Is This Just Dome Kind of Loophole or Something?
No, I personally don't think it's a loophole, I think some states view digital goods not to be taxable, while others are ‘catching up with the times’ and realizing it’s lost revenue. Try and think about it in another way - when you download software, do you pay sales tax? Most would answer no. Thats because you didn't physically acquire a product, you just transferred 1's and 0's from one place to another. If you purchased that same piece of software in the store, you would have to pay sales tax. The same is true for digital photographers who only deliver their files electronically - no product, no tax. The moment you make a product, you are now required to charge sales tax.
Define the Service in Writing:
The best way to steer clear of any confusion down the pike is to put the terms of service in writing. In your invoices, think about including a one or two-sentence statement outlining how the digital images will be delivered to the client. If you state it in writing and follow-through with it in practice, there should be no doubt of whether or not a tangible product was transferred.
Talk to the Professionals - Interpretation is Key:
This topic came about because a reader/viewer who also lived in my state, Virginia, was informed (incorrectly) by the state tax office that she should be charging sales tax on digital photography. What I did was get on the (electronic) horn and chatted with a number of tax agents, each of which gave me conflicting interpretations of the tax law. I got on the real phone the next morning and got the ‘official’ scoop (everything I just said in this article, essentially) and realized that not even the professionals have this area down to a science. After that, I talked to an accountant and they confirmed what the agent on the phone said. I would highly advise talking through the tax law with a human being and confirming that information with an accountant, it'll not only give you a better understanding of the law, but peace of mind that you are operating your business correctly.
Know your state’s tax rules and stay current - if the rules change, you probably aren't going to get an email, you're going to be responsible for knowing the rule changed. Knowing and following the tax laws in your state will help your business run smoothly.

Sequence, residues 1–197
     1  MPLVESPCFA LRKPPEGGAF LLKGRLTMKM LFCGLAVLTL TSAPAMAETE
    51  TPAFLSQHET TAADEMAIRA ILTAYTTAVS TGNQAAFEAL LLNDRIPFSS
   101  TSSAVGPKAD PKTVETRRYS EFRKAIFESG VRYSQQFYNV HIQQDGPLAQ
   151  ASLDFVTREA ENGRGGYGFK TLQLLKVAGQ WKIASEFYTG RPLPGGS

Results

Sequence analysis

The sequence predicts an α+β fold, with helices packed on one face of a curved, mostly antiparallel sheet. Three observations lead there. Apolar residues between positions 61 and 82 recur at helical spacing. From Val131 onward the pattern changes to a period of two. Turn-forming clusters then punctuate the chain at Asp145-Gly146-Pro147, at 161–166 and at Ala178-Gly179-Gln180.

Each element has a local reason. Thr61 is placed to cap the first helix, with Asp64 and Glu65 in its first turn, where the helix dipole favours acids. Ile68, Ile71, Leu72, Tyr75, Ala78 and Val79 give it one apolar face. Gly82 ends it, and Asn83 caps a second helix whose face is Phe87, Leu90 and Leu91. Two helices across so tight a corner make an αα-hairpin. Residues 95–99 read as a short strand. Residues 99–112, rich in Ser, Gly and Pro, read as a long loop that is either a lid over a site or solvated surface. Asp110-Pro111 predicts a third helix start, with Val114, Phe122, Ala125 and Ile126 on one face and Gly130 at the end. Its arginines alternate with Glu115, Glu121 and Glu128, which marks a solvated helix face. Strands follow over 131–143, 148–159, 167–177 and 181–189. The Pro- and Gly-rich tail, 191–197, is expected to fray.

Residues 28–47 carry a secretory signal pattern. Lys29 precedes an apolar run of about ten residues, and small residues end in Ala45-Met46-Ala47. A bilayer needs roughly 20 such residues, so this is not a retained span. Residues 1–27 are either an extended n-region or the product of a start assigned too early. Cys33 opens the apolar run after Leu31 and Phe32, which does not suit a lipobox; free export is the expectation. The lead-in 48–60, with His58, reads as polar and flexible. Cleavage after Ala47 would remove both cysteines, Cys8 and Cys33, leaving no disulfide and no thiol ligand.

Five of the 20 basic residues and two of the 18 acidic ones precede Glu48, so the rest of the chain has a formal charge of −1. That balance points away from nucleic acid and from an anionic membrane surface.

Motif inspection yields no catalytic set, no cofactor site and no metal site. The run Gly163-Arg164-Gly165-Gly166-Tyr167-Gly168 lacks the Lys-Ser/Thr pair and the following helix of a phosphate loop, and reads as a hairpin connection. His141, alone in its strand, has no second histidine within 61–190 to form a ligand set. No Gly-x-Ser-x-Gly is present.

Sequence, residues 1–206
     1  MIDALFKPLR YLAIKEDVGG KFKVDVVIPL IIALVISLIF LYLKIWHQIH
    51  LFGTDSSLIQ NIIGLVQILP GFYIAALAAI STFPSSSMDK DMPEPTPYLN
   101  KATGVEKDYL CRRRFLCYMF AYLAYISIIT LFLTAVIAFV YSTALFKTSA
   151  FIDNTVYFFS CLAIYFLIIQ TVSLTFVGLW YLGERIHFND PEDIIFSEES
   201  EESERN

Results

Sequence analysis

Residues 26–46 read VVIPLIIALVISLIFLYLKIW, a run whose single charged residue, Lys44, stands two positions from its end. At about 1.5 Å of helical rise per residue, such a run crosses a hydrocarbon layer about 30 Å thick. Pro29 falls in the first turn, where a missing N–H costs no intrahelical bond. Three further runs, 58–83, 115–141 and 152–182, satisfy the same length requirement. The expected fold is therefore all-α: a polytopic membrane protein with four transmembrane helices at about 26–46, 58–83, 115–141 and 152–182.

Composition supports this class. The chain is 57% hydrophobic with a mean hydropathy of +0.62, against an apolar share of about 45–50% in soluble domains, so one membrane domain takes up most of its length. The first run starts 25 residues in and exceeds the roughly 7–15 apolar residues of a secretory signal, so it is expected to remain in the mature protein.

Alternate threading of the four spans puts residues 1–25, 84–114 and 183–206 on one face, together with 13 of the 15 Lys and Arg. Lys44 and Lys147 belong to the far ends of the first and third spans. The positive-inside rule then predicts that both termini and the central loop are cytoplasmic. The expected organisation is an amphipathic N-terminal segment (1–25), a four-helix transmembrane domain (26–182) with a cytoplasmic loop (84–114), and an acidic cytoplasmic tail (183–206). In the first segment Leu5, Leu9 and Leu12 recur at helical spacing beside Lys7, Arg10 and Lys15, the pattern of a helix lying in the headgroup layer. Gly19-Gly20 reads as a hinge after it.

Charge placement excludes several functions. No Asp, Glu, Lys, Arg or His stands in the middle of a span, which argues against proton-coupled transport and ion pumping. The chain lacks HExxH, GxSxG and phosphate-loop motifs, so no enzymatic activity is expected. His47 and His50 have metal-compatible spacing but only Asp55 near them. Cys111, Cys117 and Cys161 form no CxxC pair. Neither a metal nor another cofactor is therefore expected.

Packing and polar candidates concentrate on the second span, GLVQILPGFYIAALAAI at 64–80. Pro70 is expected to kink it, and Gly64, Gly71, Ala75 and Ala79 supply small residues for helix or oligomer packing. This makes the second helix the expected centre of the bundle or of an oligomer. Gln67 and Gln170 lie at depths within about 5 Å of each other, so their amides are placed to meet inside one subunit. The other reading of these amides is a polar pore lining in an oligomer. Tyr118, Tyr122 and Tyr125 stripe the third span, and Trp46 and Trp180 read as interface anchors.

Hey all, just wanted to inform everyone that there won't be anything new this week. I'm resting up from non-stop shooting on all fronts - residential shoots during the week, 3 weddings in the past two weekends, as well as gearing up for a massive architectural shoot with a deadline right around the corner. Thanks for understanding.
Well, the day is here. Adobe Photoshop Lightroom has graduated beta and is available for download this very moment.
I'm sure you already know the run-down of features, so there's no need to rewrite the litany of improvements. The only feature I wanted to highlight was the lens correction addition. It seems that Adobe has taken the time and energy to implement an addition that makes our lives easier - kudos Lightroom team. The setting allows you to select the make, model, and profile of the lens, adjust the profile, or even manually adjust the lens correction and save it as a new one. I recall reading something from a company that creates software specifically for this cause - and that company was not impressed with this feature. From what I understand, it's too complicated for end-users and it should be left to the professionals, so they say. Wrong. Anyone with the willingness to learn how to correct lens imperfections is better for it, it'll also teach you a great deal about optics in the process.
The obvious relation between this feature and real estate photography is just that - obvious. Real estate photography demands the accurate recreation of reality and most lenses distort reality in one way or another. Even if the lens is 'perfect', the photographer probably isn't. I'm not suggesting you should ditch PTLens or DxO Optics just yet, I'm just saying that there's another player in this game and so far it looks very promising.
So check out Lightroom 3 here, it's well worth your time and energy.